Jun 25, 2018
To the people of Shiga Prefecture, Lake Biwa is known as the Mother Lake. The enormous lake—which spans 670.4 square kilometres—provides locals with a profusion of fish, but its fresh, clear water also sustains life around the lake. From Omi rice, grown in abundance around Lake Biwa, to the wide variety of vegetables cultivated in each district, Shiga’s lands are fecund and flourishing.
Located on the eastern side of Lake Biwa is a 40-hectare plot of farmland where second-generation rice producer Junya Yunokuchi runs his business. What’s unique about Omi rice is how Yunokuchi has committed to cutting the use of chemical pesticides and fertilisers by 50 per cent, which benefits both consumers and the environment. Plus, the proximity of the rice fields to Lake Biwa is beneficial for a rich and abundant harvest. Omi rice, especially the Mizukagami and Koshikari variants, are renowned for their slightly sweet flavour and plump, firm grains.
After he retired from the civil service 15 years ago, Ryuichi Taniguchi wanted to revive the farming community in this area of Shiga Prefecture. So he bought three hectares of land and started cultivating persimmons, ibuki daikon, buckwheat and various crops. The persimmons from Shiga are well loved for their extraordinary sweetness, and Taniguchi attributes this to the climate of Shiga. The area surrounding Ibuki Mountain is warm in the day and cold at night; the contrast in temperatures helps the cultivation process as the cold weather helps increase the sugar content of the persimmons. The persimmons cultivated at Ibuki Farm are the seedless type, known as Hiratanenashi-kaki.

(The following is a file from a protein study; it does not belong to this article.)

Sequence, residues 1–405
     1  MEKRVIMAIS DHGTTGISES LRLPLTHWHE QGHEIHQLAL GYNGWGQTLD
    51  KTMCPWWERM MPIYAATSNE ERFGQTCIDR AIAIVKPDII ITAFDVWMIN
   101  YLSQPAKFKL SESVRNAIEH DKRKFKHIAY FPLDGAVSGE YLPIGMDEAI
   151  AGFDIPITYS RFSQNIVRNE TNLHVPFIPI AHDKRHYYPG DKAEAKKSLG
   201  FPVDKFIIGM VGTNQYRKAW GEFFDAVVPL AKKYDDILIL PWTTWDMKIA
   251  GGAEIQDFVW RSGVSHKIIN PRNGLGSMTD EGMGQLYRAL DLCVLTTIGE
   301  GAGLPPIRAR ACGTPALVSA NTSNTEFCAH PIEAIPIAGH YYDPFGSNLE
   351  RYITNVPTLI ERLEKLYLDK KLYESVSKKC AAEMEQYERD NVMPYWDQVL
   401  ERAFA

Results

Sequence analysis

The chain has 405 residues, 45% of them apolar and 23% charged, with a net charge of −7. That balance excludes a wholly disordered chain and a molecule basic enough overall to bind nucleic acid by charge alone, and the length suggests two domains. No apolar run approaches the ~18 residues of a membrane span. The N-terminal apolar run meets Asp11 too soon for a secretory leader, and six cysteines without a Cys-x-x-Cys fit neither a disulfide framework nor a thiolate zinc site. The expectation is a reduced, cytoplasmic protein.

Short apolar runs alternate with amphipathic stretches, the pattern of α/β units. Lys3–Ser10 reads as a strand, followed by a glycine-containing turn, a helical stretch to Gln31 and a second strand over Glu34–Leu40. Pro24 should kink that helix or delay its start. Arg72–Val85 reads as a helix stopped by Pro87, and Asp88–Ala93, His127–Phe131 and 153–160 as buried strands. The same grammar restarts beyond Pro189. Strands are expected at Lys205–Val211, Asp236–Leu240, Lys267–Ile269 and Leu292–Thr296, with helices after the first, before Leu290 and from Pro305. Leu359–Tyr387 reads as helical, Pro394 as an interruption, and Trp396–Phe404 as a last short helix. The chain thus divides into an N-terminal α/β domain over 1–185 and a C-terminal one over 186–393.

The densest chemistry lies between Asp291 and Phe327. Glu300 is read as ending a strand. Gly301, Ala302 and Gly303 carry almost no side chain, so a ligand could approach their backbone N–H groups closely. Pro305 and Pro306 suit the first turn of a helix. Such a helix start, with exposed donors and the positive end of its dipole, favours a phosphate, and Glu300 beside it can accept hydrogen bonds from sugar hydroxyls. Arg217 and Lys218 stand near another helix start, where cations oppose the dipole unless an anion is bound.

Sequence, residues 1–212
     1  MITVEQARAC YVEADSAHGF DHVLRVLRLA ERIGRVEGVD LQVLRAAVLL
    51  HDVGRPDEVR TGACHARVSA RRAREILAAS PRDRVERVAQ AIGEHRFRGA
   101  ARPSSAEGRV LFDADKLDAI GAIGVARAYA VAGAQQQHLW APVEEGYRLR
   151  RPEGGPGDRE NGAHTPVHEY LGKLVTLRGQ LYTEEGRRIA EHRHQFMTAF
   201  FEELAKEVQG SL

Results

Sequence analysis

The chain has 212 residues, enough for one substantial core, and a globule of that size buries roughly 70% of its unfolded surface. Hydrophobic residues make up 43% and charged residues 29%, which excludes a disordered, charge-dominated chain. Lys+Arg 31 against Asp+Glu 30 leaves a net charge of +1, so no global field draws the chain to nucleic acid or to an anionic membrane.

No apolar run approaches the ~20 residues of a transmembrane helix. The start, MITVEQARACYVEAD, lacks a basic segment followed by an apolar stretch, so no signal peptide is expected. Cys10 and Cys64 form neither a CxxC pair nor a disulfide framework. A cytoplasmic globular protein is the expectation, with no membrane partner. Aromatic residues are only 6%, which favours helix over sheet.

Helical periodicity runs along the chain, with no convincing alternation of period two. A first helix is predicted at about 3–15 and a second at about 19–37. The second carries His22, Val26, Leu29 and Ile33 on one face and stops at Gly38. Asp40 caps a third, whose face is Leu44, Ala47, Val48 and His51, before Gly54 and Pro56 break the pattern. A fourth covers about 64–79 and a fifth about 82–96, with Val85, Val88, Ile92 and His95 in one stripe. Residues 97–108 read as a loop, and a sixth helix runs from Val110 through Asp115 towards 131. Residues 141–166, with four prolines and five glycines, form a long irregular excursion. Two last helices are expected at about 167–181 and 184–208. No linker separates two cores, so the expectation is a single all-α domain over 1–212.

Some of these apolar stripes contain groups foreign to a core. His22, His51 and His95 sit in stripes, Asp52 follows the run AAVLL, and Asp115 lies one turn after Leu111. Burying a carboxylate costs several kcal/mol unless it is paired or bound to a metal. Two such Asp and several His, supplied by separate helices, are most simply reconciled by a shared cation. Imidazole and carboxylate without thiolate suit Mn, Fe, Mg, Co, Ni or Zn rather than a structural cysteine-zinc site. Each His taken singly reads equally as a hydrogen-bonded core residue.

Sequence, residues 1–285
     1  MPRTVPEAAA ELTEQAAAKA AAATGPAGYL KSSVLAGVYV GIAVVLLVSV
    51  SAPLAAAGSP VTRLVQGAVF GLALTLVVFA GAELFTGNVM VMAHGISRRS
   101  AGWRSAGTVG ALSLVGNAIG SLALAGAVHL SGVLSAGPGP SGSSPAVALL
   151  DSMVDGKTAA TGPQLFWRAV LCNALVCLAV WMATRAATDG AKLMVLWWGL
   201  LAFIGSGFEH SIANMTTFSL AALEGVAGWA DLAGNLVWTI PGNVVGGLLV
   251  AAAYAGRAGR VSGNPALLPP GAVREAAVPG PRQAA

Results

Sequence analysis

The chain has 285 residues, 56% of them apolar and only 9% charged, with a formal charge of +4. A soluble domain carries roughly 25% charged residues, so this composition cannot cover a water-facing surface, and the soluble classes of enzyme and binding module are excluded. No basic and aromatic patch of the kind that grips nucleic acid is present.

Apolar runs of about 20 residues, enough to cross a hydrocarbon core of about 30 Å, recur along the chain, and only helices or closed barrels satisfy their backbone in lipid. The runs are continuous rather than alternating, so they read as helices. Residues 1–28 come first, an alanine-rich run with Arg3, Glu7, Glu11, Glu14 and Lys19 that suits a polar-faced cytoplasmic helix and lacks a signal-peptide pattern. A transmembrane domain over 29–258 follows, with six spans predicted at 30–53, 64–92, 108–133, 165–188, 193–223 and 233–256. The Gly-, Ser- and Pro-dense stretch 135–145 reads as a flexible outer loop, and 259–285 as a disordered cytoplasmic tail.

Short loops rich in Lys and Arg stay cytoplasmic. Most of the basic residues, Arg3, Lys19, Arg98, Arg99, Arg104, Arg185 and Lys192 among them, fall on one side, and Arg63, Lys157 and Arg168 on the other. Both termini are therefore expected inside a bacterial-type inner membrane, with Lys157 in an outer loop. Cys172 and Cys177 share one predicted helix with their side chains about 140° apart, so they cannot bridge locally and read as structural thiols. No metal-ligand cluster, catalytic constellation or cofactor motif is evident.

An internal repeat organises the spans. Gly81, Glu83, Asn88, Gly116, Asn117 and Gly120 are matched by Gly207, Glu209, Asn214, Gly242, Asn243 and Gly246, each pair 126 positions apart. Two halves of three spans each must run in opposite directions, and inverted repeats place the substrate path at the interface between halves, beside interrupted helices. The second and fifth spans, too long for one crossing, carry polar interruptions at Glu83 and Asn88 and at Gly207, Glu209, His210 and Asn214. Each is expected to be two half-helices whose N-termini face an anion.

The Asamiya tea variant has a long history that dates back 1,200 years, and Shigaraki-cho (a region in Shiga Prefecture) is the oldest tea production area in Japan. This particular tea has always been the tea of choice for the Japanese monarchy and nobility because of its distinctive fragrance and refined, sophisticated flavour. Takatomo Katagi at Katagi Koukaen is committed to using only organic fertilisers, with zero use of chemical pesticides.
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You probably wouldn’t associate Japanese food with fiery spices, but the truth is Yahei Togarashi has been cultivated in Shiga Prefecture for over 100 years. However, it’s only recently that this chilli pepper has been processed into seasoning powder by fm craic, a brand started by two entrepreneurial young women, Yuzu Sasaki and Yukiyo Mitaka. This particular variant is twice as spicy as regular red chilli but just as sweet as a Japanese tomato, giving it a unique moreish flavour. Using Yahei Togarashi as a base, fm craic produces a variety of seasoning powders and sauces. (See Souvenir page)
With a history of over 400 years, Omi beef is widely acknowledged as the oldest beef brand in Japan. Omi beef is highly regarded for its distinctive chewy texture and tender quality, but not all cattle are the same. Takeki Okayama, CEO and president of Okaki, which has been producing Omi beef since 1839, says that at his farm, the cattle are provided high-quality care in a lush, natural environment.